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Martin Kevorkian, Chair CAL 226, Mailcode B5000, Austin, TX 78712 • 512-471-4991

Spring 2008

E 390J • Humanities Institute Seminar: The Human and Its Others

Unique Days Time Location Instructor
35497 TH
2:00 PM-5:00 PM
HRC 3.206

Course Description

The Humanities Institute Seminar offers advanced graduate students the opportunity to collaborate with Humanities Institute Faculty Fellows and distinguished visiting scholars in interdisciplinary exploration of the Institute's annually selected theme. The fall 2007 and spring 2008 seminars will be organized around the theme "The Human and its Others." Faculty fellows and graduate students, along with visiting scholars invited to guest-lead a session of the seminar, will: explore how the idea and category of the human has been understood and constructed--across time, across cultures, and in such intellectual disciplines and cultural practices as philosophy, psychology, religion, science, politics, medicine, technology, and art; map historical and philosophical continuities and crises of the human (and of such conceptual cognates or corollaries as humanity and the humane); probe the various binaries in which the human has been defined against such "others" as the animal, the divine, the monstrous, the inhuman, and the machine; and examine the question of the human in the context of some of the contemporary issues (global warming, stem cell research, assisted suicide, torture, cloning, to name a few) that make it critical.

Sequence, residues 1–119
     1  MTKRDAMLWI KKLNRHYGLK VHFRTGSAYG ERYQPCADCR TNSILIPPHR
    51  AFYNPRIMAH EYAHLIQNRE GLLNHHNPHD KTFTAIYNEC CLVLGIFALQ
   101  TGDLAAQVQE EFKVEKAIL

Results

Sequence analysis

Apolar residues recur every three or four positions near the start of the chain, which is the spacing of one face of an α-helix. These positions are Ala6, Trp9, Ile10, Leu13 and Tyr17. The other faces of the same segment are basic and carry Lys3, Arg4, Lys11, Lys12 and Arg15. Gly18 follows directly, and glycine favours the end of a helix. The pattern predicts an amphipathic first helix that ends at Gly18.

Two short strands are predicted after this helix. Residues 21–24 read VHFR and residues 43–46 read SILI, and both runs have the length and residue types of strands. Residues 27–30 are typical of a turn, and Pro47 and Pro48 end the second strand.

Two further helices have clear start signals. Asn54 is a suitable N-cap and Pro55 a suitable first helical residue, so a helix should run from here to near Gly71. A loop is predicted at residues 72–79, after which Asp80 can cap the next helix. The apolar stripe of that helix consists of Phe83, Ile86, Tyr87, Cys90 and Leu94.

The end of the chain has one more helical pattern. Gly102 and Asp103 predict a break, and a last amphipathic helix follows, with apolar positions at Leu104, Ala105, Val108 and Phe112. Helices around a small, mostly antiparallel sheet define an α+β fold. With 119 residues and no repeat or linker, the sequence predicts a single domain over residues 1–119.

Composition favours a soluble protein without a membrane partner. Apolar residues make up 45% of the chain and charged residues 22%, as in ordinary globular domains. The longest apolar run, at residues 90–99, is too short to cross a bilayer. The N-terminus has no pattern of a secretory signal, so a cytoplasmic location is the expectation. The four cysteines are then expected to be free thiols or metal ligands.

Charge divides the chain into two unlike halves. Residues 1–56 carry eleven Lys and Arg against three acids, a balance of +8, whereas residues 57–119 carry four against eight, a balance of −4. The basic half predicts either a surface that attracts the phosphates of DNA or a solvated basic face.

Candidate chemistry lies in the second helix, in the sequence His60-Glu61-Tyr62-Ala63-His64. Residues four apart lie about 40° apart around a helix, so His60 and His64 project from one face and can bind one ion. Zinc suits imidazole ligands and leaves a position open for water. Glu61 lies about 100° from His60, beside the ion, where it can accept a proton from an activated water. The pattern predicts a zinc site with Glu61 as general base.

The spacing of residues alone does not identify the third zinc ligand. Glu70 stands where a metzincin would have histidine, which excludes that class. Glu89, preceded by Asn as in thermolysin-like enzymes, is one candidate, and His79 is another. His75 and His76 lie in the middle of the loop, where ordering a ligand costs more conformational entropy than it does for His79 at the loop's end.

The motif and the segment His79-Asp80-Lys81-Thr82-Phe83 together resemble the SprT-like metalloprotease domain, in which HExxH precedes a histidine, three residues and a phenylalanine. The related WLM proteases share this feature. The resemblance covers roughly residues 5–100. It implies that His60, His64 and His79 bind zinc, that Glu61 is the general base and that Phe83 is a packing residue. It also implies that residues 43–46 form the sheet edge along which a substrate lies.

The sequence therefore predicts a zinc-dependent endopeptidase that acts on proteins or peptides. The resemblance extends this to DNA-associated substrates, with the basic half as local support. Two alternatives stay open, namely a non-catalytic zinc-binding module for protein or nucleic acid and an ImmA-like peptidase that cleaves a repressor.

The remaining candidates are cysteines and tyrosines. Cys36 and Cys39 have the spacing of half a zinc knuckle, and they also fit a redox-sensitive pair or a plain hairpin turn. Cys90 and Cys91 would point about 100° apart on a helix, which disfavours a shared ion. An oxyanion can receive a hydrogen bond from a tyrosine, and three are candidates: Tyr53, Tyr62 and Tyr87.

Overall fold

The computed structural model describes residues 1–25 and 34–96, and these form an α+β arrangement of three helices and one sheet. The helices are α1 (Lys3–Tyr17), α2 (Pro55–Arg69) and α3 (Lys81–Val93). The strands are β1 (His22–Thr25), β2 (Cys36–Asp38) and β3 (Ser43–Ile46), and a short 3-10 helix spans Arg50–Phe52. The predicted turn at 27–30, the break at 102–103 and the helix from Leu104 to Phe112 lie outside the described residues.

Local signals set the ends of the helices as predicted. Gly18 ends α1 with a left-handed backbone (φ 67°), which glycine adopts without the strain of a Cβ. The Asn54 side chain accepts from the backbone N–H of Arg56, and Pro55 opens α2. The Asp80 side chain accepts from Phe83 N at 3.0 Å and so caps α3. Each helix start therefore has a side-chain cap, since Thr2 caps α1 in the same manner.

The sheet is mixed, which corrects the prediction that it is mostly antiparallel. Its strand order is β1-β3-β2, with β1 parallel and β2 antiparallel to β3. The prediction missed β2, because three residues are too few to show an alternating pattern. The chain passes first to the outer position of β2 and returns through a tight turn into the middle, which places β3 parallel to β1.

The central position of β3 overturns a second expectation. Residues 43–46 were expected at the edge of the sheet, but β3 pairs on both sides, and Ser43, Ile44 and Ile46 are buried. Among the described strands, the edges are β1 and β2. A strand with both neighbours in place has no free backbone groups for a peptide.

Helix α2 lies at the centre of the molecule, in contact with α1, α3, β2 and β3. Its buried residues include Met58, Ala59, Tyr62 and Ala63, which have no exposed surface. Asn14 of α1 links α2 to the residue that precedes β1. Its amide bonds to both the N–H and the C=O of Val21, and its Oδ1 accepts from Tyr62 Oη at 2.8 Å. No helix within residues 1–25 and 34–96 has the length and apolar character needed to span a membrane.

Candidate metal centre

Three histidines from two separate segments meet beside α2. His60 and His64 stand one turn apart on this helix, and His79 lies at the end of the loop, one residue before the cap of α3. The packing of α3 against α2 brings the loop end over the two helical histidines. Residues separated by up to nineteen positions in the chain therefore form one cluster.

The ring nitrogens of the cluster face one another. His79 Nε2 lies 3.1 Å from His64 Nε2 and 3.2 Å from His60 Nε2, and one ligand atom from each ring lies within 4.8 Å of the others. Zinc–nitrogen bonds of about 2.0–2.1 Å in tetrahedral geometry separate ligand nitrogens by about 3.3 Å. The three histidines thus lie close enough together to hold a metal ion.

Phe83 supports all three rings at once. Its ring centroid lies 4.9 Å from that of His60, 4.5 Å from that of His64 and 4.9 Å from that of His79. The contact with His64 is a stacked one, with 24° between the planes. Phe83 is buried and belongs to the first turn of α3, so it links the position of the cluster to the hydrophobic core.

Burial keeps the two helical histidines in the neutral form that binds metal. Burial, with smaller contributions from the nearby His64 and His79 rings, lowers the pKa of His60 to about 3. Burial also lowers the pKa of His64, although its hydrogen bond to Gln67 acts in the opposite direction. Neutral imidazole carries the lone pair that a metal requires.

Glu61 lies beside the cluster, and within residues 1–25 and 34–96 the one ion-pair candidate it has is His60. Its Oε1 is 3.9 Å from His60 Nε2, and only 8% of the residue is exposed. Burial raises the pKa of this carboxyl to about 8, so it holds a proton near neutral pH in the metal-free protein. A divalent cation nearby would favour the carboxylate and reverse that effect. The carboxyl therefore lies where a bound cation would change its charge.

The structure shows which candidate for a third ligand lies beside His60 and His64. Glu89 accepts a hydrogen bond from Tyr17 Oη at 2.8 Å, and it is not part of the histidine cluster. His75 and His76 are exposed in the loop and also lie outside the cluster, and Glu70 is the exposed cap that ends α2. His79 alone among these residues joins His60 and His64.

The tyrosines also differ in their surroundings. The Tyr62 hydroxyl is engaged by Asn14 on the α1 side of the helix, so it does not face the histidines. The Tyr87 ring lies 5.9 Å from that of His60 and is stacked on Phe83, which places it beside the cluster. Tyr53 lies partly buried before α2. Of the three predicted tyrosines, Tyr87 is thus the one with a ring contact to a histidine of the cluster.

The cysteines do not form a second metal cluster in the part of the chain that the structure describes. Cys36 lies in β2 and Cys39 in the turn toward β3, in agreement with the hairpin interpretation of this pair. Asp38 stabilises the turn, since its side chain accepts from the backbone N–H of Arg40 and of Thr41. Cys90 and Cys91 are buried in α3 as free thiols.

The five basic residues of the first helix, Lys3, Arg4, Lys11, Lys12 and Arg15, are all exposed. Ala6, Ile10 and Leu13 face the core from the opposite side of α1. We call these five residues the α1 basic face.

The seminar meets weekly on Thursdays from 2:00 pm to 5:00 pm in the Tom Lea Room of the Harry Ransom Humanities Research Center. Readings and other seminar materials are selected by the faculty fellows and visiting scholars, each of whom organizes and leads one week of the seminar around a current research project or issue that bears on the seminar's broad theme and models a particular disciplinary approach to it. Graduate student members of the seminar participate in the weekly seminar discussions and in all scheduled events during the two-day residencies of the visiting scholars, meet twice during the semester with the HI Director to assess and integrate the seminar's intellectual strands and explore their applications to their own research, and collectively lead one late-semester session of the seminar on research or interests of theirs that relate to the seminar's inquiry. The Humanities Institute seminar offers a unique professional and intellectual development opportunity for selected graduate students to be in dialog with, and present their work and ideas to, distinguished UT and visiting faculty from disciplines across the academic spectrum. Graduate students may enroll, with the permission of Humanities Institute Director Evan Carton (, either for the fall or the spring term.


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